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Physiologic Impairments vs. Common Developmental Variations in Infant Feeding (PD102940)

Presenter(s): Katlyn Dahlstrom, PhD, CCC-SLP
Course Description

The field of pediatric feeding and swallowing requires clinicians to determine the significance of physiologic aberrations and whether these findings warrant intervention. This session describes the evidence to assist in answering questions like: Is a swallow that initiates in the pyriform sinuses “delayed” and the source of a child’s impairment? Is coughing during a feed a clear sign of aspiration that warrants instrumental assessment and conservative management? What is the significance of stress cues during a feed? This session addresses these types of questions by exploring the literature relating to clinical and fluoroscopic characteristics of how healthy, non-dysphagic infants eat. The session is designed for clinicians with experience in infant feeding and swallowing but also is appropriate for clinicians new to this area of practice.

This course is a recorded session from the 2023 ASHA online conference Rethinking Pediatric Feeding and Swallowing.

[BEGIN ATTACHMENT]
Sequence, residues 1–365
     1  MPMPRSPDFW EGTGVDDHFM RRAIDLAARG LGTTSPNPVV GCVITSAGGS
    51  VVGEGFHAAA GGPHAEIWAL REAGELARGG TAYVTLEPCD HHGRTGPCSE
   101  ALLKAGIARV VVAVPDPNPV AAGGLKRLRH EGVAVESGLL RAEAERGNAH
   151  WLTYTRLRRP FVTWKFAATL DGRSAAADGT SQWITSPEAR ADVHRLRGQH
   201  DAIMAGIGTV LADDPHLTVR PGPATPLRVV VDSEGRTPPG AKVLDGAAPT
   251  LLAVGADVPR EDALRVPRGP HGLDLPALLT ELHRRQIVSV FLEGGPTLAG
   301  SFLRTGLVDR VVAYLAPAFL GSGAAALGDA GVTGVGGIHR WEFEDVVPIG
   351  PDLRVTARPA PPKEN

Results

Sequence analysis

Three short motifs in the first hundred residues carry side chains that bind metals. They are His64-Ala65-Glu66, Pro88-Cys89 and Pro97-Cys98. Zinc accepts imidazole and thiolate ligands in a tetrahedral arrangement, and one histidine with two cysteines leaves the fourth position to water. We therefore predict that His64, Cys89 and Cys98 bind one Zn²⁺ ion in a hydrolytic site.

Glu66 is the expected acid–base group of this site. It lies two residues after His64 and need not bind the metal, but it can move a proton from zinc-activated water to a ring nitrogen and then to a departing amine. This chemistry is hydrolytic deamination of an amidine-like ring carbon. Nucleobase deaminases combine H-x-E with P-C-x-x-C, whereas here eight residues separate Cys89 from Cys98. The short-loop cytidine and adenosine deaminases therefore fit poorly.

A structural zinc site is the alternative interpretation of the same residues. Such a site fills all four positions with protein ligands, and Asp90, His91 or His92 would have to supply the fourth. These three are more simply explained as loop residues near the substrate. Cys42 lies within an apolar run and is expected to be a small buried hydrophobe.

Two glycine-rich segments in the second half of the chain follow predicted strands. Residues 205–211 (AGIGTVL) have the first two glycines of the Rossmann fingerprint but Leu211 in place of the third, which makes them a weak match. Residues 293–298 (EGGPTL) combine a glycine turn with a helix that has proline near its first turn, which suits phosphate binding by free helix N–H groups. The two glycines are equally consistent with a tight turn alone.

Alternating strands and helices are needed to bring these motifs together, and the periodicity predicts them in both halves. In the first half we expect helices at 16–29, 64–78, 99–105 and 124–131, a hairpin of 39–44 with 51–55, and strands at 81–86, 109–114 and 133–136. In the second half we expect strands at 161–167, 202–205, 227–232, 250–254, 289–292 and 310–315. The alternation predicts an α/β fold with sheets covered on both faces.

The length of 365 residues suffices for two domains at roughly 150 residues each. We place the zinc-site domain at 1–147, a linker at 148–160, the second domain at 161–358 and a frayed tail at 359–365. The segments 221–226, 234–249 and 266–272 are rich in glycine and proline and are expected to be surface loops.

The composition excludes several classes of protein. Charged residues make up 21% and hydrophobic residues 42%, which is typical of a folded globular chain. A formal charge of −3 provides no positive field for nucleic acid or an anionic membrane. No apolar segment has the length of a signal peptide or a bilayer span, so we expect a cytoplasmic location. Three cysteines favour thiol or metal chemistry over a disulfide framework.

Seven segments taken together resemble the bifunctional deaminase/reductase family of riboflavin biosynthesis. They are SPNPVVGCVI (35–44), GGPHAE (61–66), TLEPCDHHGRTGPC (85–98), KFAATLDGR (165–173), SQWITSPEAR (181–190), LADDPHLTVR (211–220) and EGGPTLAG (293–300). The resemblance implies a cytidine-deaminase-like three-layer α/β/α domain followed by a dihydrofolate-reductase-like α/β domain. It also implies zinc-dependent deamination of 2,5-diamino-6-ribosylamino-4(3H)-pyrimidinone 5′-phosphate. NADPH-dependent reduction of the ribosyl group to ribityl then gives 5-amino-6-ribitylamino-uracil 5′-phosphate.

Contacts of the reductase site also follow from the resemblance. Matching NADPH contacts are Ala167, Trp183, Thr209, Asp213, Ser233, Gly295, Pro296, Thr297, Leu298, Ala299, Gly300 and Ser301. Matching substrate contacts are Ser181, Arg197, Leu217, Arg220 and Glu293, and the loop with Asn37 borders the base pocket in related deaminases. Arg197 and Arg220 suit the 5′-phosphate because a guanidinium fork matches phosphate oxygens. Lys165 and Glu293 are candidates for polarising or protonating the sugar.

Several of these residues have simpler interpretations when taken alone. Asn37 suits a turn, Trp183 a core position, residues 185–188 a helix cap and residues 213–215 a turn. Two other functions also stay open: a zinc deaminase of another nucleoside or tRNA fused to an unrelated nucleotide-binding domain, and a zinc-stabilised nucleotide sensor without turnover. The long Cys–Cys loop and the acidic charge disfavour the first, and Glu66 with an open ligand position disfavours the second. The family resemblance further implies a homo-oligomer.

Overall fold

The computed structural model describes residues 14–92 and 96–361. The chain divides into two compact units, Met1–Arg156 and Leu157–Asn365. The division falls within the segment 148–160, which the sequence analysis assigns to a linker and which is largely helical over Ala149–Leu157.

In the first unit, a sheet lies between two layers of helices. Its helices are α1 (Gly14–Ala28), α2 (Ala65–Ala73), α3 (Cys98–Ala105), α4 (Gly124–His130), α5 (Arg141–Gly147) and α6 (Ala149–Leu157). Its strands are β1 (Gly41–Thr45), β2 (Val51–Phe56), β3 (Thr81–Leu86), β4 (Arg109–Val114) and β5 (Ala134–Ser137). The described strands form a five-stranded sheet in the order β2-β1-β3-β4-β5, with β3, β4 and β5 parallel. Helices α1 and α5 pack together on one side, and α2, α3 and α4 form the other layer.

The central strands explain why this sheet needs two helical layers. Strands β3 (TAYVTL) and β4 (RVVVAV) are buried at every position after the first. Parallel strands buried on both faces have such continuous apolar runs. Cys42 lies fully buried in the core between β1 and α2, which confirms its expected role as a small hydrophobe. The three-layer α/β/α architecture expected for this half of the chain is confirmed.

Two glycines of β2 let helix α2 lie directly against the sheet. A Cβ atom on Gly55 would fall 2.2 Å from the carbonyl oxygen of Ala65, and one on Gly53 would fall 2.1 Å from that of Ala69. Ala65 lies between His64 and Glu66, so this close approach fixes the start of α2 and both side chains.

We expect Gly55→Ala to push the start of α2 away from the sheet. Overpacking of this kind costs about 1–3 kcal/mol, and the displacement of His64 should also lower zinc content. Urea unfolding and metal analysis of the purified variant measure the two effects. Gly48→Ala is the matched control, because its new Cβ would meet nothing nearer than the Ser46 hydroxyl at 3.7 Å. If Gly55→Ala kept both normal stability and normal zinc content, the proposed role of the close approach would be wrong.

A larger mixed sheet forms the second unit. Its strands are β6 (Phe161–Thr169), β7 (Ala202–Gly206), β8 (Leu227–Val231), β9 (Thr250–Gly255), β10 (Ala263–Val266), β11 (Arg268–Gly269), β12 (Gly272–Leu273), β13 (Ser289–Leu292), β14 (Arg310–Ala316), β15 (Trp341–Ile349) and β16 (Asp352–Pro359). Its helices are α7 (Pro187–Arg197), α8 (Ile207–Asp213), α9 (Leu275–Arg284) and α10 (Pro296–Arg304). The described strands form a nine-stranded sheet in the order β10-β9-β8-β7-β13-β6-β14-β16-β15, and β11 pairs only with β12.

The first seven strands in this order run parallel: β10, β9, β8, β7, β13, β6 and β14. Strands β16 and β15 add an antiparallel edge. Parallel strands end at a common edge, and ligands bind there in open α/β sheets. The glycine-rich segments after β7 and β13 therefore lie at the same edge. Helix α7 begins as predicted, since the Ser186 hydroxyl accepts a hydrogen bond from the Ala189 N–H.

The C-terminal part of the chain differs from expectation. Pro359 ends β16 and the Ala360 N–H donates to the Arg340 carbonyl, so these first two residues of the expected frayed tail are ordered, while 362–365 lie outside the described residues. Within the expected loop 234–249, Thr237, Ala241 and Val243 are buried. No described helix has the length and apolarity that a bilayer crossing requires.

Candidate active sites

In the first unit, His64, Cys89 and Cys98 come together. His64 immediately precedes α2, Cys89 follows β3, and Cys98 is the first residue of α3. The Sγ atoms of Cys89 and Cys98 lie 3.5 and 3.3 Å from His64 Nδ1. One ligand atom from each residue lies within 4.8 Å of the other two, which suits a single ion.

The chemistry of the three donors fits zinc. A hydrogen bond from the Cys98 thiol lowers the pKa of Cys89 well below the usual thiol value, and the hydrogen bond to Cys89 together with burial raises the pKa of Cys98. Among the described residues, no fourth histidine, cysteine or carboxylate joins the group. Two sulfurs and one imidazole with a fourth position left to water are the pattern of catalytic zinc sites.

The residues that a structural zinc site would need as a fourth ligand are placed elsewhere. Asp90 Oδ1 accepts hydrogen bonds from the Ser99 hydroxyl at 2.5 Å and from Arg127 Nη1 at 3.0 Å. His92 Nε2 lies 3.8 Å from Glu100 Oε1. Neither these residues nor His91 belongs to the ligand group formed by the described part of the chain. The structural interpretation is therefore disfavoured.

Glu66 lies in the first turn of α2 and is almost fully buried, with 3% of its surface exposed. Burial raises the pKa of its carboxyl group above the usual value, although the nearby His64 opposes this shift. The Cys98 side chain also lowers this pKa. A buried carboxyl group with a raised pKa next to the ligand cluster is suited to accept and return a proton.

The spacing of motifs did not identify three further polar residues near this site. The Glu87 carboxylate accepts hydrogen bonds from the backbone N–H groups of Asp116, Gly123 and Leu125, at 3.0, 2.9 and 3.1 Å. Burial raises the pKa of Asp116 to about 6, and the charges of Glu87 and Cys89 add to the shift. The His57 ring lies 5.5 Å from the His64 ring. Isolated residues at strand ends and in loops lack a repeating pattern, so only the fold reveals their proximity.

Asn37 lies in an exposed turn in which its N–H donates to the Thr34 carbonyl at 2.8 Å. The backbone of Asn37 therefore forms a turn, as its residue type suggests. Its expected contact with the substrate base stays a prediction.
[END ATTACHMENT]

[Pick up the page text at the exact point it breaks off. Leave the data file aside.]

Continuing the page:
Learning Outcomes
You will be able to:

  • Identify which of the following clinical findings is/are commonly observed in healthy, non-dysphagic infants: coughing, turning blue, making gurgling sounds, anterior bolus loss, increased work of breathing, and stress cues
  • Describe a “normal” response to aspiration during the neonatal period and how this changes with maturation

Presenter Information

Katlyn E. McGrattan, PhD, CCC-SLP, is an Assistant Professor at the University of Minnesota with a clinical appointment at Masonic Children’s Hospital. She completed doctoral training in Health & Rehabilitation Science at the Medical University of South Carolina and post-doctoral training in Neonatal Gastroenterology at Nationwide Children’s Hospital. Her research focuses on the use of refined physiologic assessment to identify impairments in neonatal upper aerodigestive physiology and apply targeted therapeutic interventions to maximize treatment effect.

Financial Disclosures:

  • Grant funding from NIH, NICHD
  • Financial compensation from ASHA for this presentation
  • Assistant professor at University of Minnesota

Nonfinancial Disclosures:

  • None

Assessment Type

Self-assessment—Think about what you learned and report on the Completion Form how you will use your new knowledge.

To earn continuing education credit, you must complete and submit the learning assessment by June 10, 2029

Program History and CE Information

Online conference dates: March 22 – April 3, 2023, November 29 – December 11, 2023
End date: June 10, 2029

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CONTINUING EDUCATION
PDH: 1
ASHA CEU*: 0.1
COURSE DETAILS
Item #(s): PD102940
Available Through: June 10, 2029